8 Crohn’s Management Tips for Seniors

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Crohn’s disease is a lifelong condition. And as you age, you’re more likely to be coping with several health conditions and taking multiple medications, which can complicate how you manage it all.

People who are 65 or older represent the largest growing population of people with inflammatory bowel disease (IBD). Research has found that older age of onset doesn’t necessarily mean milder disease and that older people with Crohn’s may be more likely to require surgery.

Whether you have a new diagnosis or have been living with Crohn’s disease for years, you likely already know that it requires lifelong management.

Managing Crohn’s doesn’t look the same for everyone. Much depends on the severity of symptoms and any other health issues you may have. And older adults may have other factors to consider, such as managing multiple chronic health conditions or dealing with an increased risk of infections.

Here are some tips that can help you manage Crohn’s disease as you age.

According to a 2018 review, more than half of older adults are managing two or more chronic conditions.

Crohn’s disease may sometimes be front and center, but it’s important to take care of all your health needs. Any other health conditions you may have, such as cardiovascular diseases or diabetes, can affect your Crohn’s disease, so it’s important to manage them as well.

For older adults with multiple conditions, research suggests that the best way to improve outcomes is through coordinated care. Be sure to share medical information with all your doctors so they can work together. And stay up to date on doctor visits, vaccinations, and cancer screenings.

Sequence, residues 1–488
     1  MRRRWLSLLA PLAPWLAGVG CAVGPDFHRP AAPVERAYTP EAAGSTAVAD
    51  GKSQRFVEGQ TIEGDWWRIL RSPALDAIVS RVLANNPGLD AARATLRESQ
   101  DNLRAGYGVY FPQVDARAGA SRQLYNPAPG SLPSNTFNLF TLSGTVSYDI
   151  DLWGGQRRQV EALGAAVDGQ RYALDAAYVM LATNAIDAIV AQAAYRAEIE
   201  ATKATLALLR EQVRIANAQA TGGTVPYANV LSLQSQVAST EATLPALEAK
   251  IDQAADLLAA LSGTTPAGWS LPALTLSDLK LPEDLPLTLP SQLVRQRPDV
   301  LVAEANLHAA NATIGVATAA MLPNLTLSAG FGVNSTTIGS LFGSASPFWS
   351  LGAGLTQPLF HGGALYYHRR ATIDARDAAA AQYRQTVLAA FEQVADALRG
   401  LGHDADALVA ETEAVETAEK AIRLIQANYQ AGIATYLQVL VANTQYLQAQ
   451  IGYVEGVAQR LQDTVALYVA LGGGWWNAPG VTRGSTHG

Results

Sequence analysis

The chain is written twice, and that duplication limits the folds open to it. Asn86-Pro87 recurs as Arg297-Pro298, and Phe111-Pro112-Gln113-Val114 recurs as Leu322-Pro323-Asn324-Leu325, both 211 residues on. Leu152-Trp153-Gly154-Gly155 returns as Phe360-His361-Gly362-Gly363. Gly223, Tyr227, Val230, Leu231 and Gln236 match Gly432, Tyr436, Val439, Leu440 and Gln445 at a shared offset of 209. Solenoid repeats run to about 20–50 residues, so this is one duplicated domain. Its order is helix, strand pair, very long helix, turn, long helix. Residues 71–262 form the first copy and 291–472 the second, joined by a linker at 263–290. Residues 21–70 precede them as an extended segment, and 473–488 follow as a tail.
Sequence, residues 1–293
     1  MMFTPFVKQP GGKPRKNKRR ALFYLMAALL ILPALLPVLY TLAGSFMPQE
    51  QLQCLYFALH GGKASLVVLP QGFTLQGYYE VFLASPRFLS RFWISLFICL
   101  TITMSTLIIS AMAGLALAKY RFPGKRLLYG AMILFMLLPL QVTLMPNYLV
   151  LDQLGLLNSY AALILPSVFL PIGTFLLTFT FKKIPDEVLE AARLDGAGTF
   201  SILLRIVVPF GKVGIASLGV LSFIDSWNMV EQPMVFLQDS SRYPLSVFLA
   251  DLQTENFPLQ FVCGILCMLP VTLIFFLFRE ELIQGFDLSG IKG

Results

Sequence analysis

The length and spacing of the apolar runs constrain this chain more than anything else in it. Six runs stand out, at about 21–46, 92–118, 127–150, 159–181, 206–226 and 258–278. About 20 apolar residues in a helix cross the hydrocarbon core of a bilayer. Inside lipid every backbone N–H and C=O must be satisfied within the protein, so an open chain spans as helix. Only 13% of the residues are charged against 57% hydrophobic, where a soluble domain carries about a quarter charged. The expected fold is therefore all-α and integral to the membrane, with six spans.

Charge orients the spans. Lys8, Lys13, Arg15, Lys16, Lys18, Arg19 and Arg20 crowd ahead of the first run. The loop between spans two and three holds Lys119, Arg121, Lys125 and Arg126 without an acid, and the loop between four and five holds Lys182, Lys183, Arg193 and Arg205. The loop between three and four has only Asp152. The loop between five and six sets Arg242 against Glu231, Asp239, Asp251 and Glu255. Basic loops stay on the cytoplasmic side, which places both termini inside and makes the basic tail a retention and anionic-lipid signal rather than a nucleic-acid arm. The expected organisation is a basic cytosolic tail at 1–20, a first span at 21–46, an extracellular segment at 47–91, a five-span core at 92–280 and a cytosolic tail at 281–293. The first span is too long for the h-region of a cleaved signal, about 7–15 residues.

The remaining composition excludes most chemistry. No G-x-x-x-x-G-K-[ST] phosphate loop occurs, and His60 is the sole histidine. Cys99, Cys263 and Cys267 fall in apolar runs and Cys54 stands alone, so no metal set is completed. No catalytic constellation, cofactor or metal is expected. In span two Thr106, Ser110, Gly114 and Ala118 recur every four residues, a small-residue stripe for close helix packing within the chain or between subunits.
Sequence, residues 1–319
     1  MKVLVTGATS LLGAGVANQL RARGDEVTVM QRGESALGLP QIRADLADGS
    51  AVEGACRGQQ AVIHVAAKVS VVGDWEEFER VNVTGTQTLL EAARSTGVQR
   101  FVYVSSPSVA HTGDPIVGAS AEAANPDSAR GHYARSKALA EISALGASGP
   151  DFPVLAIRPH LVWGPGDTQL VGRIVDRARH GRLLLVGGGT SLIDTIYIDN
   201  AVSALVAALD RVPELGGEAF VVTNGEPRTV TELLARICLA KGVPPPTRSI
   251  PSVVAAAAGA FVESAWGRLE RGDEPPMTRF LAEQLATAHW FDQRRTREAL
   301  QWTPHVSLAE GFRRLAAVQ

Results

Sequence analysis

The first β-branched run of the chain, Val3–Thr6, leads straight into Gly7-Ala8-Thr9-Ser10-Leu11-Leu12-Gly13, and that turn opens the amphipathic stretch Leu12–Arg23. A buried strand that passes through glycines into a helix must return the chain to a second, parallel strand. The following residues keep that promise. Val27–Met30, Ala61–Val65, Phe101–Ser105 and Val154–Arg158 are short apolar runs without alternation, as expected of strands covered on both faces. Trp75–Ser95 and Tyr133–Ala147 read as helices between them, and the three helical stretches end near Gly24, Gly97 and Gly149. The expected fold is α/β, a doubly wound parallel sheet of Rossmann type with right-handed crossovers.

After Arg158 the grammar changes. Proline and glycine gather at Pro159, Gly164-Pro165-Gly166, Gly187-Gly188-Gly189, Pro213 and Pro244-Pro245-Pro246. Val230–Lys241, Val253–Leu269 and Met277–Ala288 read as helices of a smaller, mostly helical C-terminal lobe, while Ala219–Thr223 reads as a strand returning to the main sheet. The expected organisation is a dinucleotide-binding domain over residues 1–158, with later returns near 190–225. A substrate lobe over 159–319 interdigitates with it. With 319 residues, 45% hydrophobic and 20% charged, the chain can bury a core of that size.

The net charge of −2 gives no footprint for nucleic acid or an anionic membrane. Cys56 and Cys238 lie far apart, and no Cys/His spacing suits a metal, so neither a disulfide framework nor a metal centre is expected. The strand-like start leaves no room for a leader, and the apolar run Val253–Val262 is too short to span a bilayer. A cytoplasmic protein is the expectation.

About 14% of people with Crohn’s disease are malnourished because they don’t eat enough or can’t absorb enough nutrients from food. In addition, poor appetite affects about 30% of older adults.

Older people with Crohn’s have an increased risk of osteoporosis and bone fractures due to malnutrition. Malnutrition can also lead to unintended weight loss, fatigue, weakness, delayed wound healing, and vitamin and mineral deficiencies.

You may be able to boost your appetite by participating in physical and social activities. Choosing nutrient-dense foods, such as leafy greens, may help you get more nutrients from the food you eat. It may also help to eat smaller meals more frequently throughout the day rather than one or two large meals.

If nutrition is an ongoing problem, talk with your doctor. Find out if you should take nutritional supplements. They can also offer advice on how to stimulate your appetite or refer you to a dietitian to help with meal planning.

People with multiple chronic diseases, and older adults in general, are more susceptible to dehydration. Dehydration is associated with poor health outcomes. If you have diarrhea due to Crohn’s disease, it’s important to replenish fluids.

If drinking enough water is a problem, keep a water bottle handy and set a timer to remind yourself to drink.

Research shows that regular physical activity is associated with better mental and physical health and well-being. It can help protect against diseases such as heart disease, stroke, diabetes, and some forms of cancer. It may also help reduce disease activity in people with Crohn’s disease.

The Centers for Disease Control and Prevention (CDC) recommends 150 minutes per week of moderate-intensity exercise or 75 minutes a week for vigorous activity. This should include some muscle strengthening and balance exercises. Water exercises are a good choice if you have joint problems.